while (index < n) {       // EXPR  index < n  is 1 step
       array[index] = -1;     // assignment is 1 step
       index++;               // increment is 1 step

             Si + Sc*(n+1) + Sb*n
   n = 0:    1  + 1*1      + 2*0    =  2
   n = 1;    1  * 1*2      + 2*1    =  5
   n = 2;    1  * 1*3      + 2*2    =  8
   n = 3:    1  + 1*4      + 2*3    =  11
   n = 6:    1  + 1*7      + 2*6    =  20
   n = 9:    1  + 1*10     + 2*9    =  29
   n = 300:  1  + 1*301    + 300*2  =  902
      Si => # of initialization steps
      Sc => # of steps in the condition EXPR
      sb => # of steps in the loop body
   Conclusion:  linear -- O(n)

Analysis of a Couple of Code Snippets

   for (k = 1; k <= n / 2; k++) {
      for (j = 1; j <= n * n; j++) {

Since these loops are nested, the number of times statements within the innermost loop are executed is the product of the number of repetitions of the two individual loops. Hence the efficiency is n3, or O(N3) in BigO terms, with a constant of proportionality equal to 1/2.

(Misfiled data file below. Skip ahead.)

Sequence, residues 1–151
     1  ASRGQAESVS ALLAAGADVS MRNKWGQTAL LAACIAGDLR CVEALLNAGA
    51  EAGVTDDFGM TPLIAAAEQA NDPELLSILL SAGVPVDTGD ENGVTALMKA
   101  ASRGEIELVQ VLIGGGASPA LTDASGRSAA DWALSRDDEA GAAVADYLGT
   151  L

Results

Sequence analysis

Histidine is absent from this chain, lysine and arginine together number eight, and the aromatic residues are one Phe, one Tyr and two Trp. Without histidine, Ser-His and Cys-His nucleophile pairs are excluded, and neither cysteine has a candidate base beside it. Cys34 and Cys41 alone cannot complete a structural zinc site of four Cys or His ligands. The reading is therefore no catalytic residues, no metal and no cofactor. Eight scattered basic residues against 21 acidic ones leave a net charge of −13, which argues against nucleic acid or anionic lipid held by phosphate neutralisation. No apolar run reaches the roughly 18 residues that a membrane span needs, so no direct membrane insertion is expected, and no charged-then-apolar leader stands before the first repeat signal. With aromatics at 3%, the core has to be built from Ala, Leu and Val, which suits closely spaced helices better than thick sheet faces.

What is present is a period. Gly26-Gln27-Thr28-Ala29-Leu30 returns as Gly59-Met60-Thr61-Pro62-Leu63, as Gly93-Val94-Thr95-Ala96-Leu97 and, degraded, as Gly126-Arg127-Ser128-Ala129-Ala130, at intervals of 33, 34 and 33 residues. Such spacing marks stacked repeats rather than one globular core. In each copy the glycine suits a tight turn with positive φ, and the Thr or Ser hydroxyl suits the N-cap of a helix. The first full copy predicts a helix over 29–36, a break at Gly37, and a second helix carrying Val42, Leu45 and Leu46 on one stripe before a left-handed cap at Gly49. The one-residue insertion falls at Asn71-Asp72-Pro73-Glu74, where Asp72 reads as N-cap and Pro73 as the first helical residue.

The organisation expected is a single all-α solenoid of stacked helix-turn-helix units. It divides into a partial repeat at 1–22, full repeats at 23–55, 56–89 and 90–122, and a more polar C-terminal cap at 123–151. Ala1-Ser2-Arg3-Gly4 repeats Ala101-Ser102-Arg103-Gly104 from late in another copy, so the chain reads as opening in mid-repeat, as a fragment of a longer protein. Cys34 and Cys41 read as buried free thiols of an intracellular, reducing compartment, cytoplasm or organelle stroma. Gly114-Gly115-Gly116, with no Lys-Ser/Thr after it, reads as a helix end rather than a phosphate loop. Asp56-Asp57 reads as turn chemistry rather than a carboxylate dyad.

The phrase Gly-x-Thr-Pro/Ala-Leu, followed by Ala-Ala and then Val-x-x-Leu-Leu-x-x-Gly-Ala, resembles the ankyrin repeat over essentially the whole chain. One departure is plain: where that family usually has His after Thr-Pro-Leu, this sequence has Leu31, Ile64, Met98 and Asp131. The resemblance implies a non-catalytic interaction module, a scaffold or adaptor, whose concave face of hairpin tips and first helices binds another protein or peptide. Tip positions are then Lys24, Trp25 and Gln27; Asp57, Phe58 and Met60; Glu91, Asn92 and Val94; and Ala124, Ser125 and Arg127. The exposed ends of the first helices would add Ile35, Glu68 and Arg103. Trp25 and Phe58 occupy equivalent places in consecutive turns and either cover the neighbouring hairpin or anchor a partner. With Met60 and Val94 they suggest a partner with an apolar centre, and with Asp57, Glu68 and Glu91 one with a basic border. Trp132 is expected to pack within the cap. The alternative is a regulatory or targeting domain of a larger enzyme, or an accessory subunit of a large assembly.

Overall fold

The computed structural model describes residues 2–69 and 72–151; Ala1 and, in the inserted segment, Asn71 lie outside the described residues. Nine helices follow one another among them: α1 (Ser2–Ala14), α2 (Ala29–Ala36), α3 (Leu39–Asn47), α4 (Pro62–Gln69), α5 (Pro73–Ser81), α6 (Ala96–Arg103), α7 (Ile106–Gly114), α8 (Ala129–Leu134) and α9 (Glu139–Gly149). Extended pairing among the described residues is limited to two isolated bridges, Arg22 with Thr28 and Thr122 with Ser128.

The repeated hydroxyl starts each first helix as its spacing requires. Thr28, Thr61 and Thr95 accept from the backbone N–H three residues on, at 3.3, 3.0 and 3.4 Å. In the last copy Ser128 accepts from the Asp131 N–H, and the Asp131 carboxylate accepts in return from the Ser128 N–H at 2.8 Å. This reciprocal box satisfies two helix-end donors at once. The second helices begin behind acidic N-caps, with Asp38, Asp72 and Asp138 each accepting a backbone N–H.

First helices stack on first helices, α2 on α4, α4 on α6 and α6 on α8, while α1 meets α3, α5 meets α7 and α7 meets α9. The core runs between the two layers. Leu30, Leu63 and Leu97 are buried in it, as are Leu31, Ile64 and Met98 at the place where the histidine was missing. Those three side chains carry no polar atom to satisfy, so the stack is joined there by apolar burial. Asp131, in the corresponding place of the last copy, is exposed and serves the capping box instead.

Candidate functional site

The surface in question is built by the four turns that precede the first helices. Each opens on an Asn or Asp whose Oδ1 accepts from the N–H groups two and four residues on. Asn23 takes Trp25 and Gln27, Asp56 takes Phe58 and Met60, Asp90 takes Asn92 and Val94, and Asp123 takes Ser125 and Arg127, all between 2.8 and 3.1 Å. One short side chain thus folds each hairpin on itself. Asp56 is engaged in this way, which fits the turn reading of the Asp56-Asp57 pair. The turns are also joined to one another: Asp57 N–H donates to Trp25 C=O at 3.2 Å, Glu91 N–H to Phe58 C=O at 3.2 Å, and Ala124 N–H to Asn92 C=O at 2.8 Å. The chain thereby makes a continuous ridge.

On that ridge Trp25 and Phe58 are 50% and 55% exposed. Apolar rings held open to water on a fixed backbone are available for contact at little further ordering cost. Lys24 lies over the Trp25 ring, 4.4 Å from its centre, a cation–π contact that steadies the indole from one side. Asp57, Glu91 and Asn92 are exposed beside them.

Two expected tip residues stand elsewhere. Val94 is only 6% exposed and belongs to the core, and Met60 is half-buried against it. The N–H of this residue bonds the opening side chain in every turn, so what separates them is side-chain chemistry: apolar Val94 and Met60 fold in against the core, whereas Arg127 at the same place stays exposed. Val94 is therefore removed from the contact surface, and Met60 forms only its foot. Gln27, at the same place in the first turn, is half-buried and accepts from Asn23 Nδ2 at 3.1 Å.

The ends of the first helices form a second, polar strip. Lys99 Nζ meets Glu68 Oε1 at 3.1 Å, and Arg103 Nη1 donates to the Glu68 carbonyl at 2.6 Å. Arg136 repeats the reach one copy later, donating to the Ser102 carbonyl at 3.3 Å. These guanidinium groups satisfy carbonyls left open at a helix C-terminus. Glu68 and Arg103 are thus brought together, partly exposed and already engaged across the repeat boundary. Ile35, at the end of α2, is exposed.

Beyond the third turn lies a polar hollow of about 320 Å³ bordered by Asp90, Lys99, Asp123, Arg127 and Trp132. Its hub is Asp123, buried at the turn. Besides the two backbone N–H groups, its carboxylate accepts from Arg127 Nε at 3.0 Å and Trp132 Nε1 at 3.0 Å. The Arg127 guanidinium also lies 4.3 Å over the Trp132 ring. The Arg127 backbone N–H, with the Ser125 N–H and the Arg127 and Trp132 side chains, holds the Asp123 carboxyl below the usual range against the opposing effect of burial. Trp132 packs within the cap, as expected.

for (k = 1; k <= n * 10; k++) {

   for (j = 1; j <= n * n * n; j++) {

Since one loop follows the other, the number of operations executed by both loops is the sum of the individual loop efficencies. Hence the efficiency is 10n + n3, or O(N3) in BigO terms.

Analysis of Exchange Sort

Assume we have array A with length N and we want to find the minimum element in the array.

   Pass 1:  compare the  n-1  elements A[1]...A[n-1] 
            with A[0] and, if necessary, exchange elements
            so that A[0] always has the smallest value

   Pass 2:  compare the  n-2  elements A[2]...A[n-1] 
            with A[1] and, if necessary, exchange elements